This is an archived article and the information in the article may be outdated. Please look at the time stamp on the story to see when it was last updated.

CLEVELAND (WJW) – It is a cancer risk factor millions of people cannot control, genetics.

Sharon Kovach of Columbus was diagnosed in 1999 at the age of 40 and started getting mammograms before the recommended age because of what she calls bad genes.

“I was diagnosed after a routine mammogram and I had been getting mammograms for at least 5 or 10 years because unfortunately, the bad genes that we have,” Sharon said.

Her grandmother had breast cancer in the 1950s, and her mother in the ’80s. Sharon had a mastectomy and reconstructive surgery, but then more bad news.

“…unfortunately, four years later it came back and at that point, I had to go through chemo and radiation,” she said.

Knowing the family history, Sharon’s only child Michelle decided to undergo genetic testing while in college, which revealed she had the BRCA gene and would most like have the same fate as her mother, if she didn’t take drastic action.

“I always told her ‘it ends with me,'” Sharon said. “You know, I’m third generation this is it, it’s gotta stop.”

“It was kind of scary, but also a relief to know about this gene,” Michelle said. “And it was kind of nice to have an answer as to why so many people in our family were diagnosed and had it.”

Modern technology, when it comes to genetic testing, is ever evolving. BRCA gene testing gaining awareness thanks to actress Angelina Jolie in 2013. And doctors at the Cleveland Clinic say there’s now new technology to prevent future generations from even getting cancer.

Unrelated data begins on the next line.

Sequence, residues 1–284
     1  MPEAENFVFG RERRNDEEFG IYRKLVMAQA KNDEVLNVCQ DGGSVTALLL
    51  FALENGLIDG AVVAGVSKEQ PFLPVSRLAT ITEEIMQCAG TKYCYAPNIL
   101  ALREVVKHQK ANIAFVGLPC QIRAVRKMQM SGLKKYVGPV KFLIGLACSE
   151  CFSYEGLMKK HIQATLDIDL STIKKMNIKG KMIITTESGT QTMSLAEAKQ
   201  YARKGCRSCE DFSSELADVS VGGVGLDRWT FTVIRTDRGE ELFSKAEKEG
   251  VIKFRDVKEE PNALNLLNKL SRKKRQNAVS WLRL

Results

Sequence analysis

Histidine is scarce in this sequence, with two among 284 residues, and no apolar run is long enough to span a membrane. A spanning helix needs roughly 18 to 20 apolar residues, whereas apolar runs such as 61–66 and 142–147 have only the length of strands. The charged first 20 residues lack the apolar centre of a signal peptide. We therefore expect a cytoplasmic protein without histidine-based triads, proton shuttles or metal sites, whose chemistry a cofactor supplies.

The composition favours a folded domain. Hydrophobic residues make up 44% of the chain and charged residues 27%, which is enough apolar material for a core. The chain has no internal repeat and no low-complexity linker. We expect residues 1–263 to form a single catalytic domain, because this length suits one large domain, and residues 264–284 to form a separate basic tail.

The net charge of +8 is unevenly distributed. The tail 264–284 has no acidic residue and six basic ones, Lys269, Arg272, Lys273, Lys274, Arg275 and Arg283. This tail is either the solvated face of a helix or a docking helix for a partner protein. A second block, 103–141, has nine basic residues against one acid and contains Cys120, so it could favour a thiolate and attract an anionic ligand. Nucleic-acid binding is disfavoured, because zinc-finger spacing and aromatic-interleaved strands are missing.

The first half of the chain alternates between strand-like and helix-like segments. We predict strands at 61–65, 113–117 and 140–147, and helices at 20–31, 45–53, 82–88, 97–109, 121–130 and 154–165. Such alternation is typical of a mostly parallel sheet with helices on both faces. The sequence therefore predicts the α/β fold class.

“We now offer what’s called pre-implantation genetic testing,” Director of Medical Breast Services at the Cleveland Clinic Dr. Holly Pederson said. “And we have the capability of doing invitro-fertilization, test the embryos and only implant embryos that don’t carry the gene.”

Now 32, Michelle decided to have a preventative mastectomy and reconstruction at the Cleveland Clinic last Fall.

The second grade teacher’s risk of getting cancer now less than 4%.

This mother-daughter is bond now stronger than ever, with Mother’s Day having even greater meaning.

“I didn’t want her to have to go through that, but she had the option and she took it so, I was really proud of her,” Sharon said.